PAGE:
Lessons From the Erev Yom Kippur Tornado

Twenty four hours before Yom Kippur, two tornados hit Queens, Brooklyn and Staten Island tearing down and uprooting over 2,000 trees.

What lessons did you learn or hear from you Rav after this awesome display of Hashem’s might right before the day of judgment?

8 comments on “Lessons From the Erev Yom Kippur Tornado

  1. Not to leave Tashlich to the last minute:)??
    We have the minhag to do it on Thursday (13 MIddos in Selichos of the day) and it was not so easy!

  2. To Bob Miller #5: To gain a greater appreciation of the miracles which G-d performed for us, and the rachamim which softened the din.

    G-d forbid, the tornadoes in 2007 and 2010 “could have” struck the predominantly Jewish areas of Staten Island and Brooklyn. G-d forbid, thousands (if not millions) of dollars’ worth of damage “could have” been done to Jewish mosdos, homes and businesses. G-d forbid, dozens of Jewish lives “could have” been lost; hundreds of Jews “could have” been injured.

    This is definitely NOT to say that it’s OK if someone not Jewish gets injured. Of course not. To the contrary. Among non-Jews, there was only one fatality in 2007 and one fatality in 2010. Tell me that isn’t an outright miracle: a tornado strikes Brooklyn with its population of nearly three million people, one of the most densely crowded counties on the Eastern seaboard of the United States, and there is only one fatality. Not once, but twice. Once again, it’s an outright miracle. Compare to G-d forbid, other extreme weather events (the most extreme being the Dec. 26, 2004 tsunami with over 250,000 dead).

  3. In August 2007, a tornado hit Staten Island and then Brooklyn:

    http://blog.silive.com/advanceupdate/2007/08/terrible_storm_hits_staten_isl.html

    http://www.nyc.gov/test/oem/html/news/07_09_25_brooklyn_tornado.shtml

    http://www.nytimes.com/2007/08/08/nyregion/08cnd-weather.html

    The SI tornado came within a block or two of the house my parents moved out of in 2005.

    By the way, I don’t quite see the point in identifying the ravaged areas according to ethnicity, frumkeit quotient, etc. This kind of “analysis” goes well beyond our mini-understanding.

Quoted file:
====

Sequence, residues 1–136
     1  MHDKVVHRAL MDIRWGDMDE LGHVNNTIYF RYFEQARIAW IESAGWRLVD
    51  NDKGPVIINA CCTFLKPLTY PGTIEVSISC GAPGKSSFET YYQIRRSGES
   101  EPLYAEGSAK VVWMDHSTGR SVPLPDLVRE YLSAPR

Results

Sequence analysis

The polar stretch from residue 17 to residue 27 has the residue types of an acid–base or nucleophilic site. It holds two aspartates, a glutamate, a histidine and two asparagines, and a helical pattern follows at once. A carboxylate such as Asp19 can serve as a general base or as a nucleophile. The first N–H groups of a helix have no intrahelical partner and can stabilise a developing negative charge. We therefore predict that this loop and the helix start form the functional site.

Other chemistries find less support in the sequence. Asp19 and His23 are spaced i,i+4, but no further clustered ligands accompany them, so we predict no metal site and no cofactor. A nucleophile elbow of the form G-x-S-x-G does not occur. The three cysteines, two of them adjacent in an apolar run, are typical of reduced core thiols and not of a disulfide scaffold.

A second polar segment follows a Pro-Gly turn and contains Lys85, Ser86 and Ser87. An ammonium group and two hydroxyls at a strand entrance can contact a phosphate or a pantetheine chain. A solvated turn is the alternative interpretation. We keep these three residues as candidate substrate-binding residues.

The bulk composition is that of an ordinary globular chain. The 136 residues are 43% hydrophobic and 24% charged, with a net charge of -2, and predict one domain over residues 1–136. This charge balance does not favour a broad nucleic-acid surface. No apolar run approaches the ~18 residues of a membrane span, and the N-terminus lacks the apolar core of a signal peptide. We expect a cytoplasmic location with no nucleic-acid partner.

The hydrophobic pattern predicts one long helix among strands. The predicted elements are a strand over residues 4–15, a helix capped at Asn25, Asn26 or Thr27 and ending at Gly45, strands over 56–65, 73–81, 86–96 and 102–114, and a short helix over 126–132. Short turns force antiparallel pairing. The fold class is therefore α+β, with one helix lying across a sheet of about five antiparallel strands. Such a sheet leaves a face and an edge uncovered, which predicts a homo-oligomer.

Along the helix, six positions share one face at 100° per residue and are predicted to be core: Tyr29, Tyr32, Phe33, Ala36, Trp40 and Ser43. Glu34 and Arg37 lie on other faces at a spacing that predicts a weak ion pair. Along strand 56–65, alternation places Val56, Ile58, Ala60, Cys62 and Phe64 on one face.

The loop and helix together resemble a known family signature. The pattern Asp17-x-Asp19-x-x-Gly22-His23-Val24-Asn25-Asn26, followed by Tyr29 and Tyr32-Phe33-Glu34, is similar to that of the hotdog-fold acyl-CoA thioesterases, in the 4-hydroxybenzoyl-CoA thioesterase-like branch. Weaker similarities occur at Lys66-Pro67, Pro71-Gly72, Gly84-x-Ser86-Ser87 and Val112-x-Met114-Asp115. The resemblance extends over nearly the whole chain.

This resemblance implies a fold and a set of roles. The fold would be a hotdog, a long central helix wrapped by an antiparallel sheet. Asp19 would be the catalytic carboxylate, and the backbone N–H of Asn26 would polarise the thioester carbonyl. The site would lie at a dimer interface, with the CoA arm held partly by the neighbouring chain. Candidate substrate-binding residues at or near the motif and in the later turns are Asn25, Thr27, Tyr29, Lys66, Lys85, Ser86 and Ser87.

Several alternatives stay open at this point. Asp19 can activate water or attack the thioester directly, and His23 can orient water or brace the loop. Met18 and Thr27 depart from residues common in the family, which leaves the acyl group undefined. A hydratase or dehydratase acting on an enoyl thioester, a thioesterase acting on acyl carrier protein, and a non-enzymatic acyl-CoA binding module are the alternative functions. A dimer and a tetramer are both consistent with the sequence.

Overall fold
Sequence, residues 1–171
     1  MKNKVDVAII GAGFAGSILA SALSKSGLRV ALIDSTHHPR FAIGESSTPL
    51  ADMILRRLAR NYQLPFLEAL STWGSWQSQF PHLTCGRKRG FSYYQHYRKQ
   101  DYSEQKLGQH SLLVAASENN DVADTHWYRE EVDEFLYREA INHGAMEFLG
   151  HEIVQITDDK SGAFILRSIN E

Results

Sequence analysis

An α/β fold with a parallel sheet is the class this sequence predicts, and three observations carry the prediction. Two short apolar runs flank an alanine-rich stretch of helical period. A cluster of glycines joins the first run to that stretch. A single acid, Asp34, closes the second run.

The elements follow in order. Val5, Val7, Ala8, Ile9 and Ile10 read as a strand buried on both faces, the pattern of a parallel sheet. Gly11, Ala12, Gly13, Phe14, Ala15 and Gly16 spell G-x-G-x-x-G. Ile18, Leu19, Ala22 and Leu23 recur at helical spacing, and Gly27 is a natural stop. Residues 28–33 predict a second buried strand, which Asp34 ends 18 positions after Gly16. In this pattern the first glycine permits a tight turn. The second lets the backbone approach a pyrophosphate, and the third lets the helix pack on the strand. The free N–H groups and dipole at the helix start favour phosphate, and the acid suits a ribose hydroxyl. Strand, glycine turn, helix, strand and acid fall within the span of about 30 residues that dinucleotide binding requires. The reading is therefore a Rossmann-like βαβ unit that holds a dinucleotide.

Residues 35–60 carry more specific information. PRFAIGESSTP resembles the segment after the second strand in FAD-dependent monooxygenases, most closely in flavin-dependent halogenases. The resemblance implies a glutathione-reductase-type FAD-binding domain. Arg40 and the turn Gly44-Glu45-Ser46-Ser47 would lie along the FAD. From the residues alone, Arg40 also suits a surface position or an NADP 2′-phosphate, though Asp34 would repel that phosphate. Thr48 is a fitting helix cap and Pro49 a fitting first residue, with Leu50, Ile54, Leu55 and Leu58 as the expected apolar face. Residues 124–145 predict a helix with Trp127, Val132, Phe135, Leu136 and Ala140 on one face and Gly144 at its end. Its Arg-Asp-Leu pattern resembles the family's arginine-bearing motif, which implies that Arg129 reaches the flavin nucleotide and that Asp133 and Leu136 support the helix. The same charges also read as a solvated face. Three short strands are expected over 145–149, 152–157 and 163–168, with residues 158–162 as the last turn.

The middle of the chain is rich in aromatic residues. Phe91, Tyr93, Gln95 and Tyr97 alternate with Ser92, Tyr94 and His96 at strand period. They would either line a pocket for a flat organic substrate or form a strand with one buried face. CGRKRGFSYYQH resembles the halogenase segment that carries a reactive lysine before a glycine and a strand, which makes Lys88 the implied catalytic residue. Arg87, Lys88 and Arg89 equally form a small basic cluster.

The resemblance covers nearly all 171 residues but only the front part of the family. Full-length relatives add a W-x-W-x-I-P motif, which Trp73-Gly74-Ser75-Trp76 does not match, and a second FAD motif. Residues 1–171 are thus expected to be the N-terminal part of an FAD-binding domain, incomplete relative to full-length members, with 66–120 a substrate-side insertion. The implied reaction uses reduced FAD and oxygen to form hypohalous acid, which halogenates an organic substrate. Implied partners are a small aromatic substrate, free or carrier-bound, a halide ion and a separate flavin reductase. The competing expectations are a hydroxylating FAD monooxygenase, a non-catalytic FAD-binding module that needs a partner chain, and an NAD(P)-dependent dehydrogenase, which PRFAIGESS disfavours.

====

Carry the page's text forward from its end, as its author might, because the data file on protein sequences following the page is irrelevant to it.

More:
4. My son-in-law was driving me home on Thursday night, September 16, after the tornado hit. Our car went through that part of Queens near Jewel Avenue and Main Street, Flushing which went through the most devastation. As my son-in-law remarked, “It looked like a war zone.” Trees were down everywhere, in many places blocking the roads completely, on a few streets the downed trees were blocking the entrances to houses and had damaged parked cars. There is a big frum community near Kew Garden Hills and Main Street, Flushing; many are Bukharian Jews, also other Sephardim plus Ashkenazim, many Israelis. Thank G-d that there was only one fatality, it could have been much, much worse.

    It should also be noted that the tornado path in Staten Island hit the Tottenville neighborhood and not the frum community of Willowbrook. Also, the tornado which hit Brooklyn missed the well-known neighborhoods of Flatbush, Boro Park, Crown Heights and Williamsburg,as well as the Russian-Jewish areas of Brighton Beach and Sheepshead Bay and the smaller Seagate and Canarsie communities. It struck Clinton Hill, not a frum Jewish community. Fortunately, no one in Brooklyn was killed or even injured: it was a true miracle.

    Please note that this is the second time in less than a decade that a tornado has hit Brooklyn (the last time was August 2007) and both times only one indirect fatality, and no one else hurt.

  5. Over 2,000 trees fell and one person was killed.

    My Rav remarked about the remarkable display of Hashem’s din, while at the same time there was chesed evidenced by the fact that there were few major injuries.

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